The UK government's poverty tsar has branded its plan to tackle child poverty a "farce".
Alan Milburn, a Labour MP and chairman of the Social Mobility and Child Poverty Commission, claimed that the government's draft child poverty strategy is a missed opportunity.
Milburn made the comments as the commission found that 3.5 million children will be in absolute poverty - almost five times the number needed to meet the government's legal obligation to end child poverty by 2020 - and that the government lacks "any credible plan to get back on track".
The research, carried out for the commission by Landman Economics and the National Institute for Economic and Social Research, found that the 2020 child poverty targets will be missed by a large margin even if the UK achieves Organisation for Economic Co-operation and Development recommended employment rates.
The research estimated that even "heroic assumptions" about parental employment rates and earnings would still leave more than three million children - 21% - in absolute poverty by 2020.
"The farce of ministers proving unable to agree on how to measure poverty after rubbishing existing measures is particularly lamentable," Milburn added.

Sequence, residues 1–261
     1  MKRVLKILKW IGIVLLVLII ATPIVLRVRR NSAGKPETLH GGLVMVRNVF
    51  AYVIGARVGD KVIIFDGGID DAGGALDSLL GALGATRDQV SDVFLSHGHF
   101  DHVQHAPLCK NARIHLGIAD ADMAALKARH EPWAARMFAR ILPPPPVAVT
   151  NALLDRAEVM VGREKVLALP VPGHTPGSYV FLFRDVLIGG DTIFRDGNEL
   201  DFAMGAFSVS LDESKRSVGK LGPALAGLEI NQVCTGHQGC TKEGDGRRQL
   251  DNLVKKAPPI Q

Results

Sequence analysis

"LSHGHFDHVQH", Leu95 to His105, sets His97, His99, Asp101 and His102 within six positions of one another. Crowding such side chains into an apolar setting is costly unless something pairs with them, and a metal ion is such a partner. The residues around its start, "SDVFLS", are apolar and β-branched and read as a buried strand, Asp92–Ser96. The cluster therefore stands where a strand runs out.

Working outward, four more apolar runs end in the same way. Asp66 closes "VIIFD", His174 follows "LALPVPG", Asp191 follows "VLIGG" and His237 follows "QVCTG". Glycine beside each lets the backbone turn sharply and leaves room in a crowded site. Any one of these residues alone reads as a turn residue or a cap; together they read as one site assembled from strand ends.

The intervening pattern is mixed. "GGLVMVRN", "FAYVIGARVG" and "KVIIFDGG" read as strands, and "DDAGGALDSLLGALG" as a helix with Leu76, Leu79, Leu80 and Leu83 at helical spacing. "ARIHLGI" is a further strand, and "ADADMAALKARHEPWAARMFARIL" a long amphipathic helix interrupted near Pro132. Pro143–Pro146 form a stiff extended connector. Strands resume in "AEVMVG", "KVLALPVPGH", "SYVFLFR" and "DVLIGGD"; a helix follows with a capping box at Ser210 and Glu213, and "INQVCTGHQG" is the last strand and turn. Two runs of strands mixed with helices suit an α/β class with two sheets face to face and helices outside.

"The government's approach falls far short of what is needed to reduce, yet alone end child poverty in our country."
He added: "This is not just an issue for the current government. Politicians from all parties say they are committed to the 2020 targets. Willing the ends without the means today merely becomes a broken promise tomorrow."
The commission's research also found that achieving the government's 2020 targets within the current tax and benefit system would require parental employment rates of close to 100% combined with big increases in the working hours of families in working poverty over and above the requirements of Universal Credit.
Such employment outcomes for parents are implausible, according to the commission.
The group explained that they are "far more ambitious" than have ever been achieved in the UK or anywhere else in the world.
In particular, the commission claimed the government's child poverty plan had a lack of any clear measures to assess progress with the government continuing to distance itself from statutory measures in the Child Poverty Act 2010 - which senior ministers describe as "discredited" - without suggesting any alternatives.
A spokesman for the Department of Work and Pensions said: "We remain committed to our goal of ending child poverty by 2020. Our strategy outlines plans to tackle the root causes of poverty, including worklessness, low earnings and educational failure.
"This approach is a better reflection of the reality of child poverty in the UK today and is the only way to achieve lasting change.
"Under this Government there are 300,000 fewer children living in relative income poverty and 100,000 fewer children in workless poor families. We have just seen the largest rise in employment for over 40 years and unemployment is falling. But there is more to do - and we are getting on with that job.
"The commission's own research highlights the weaknesses of the current child poverty measures - calculating poverty by income alone fails to address the issues which hold people back and that's what we're tackling."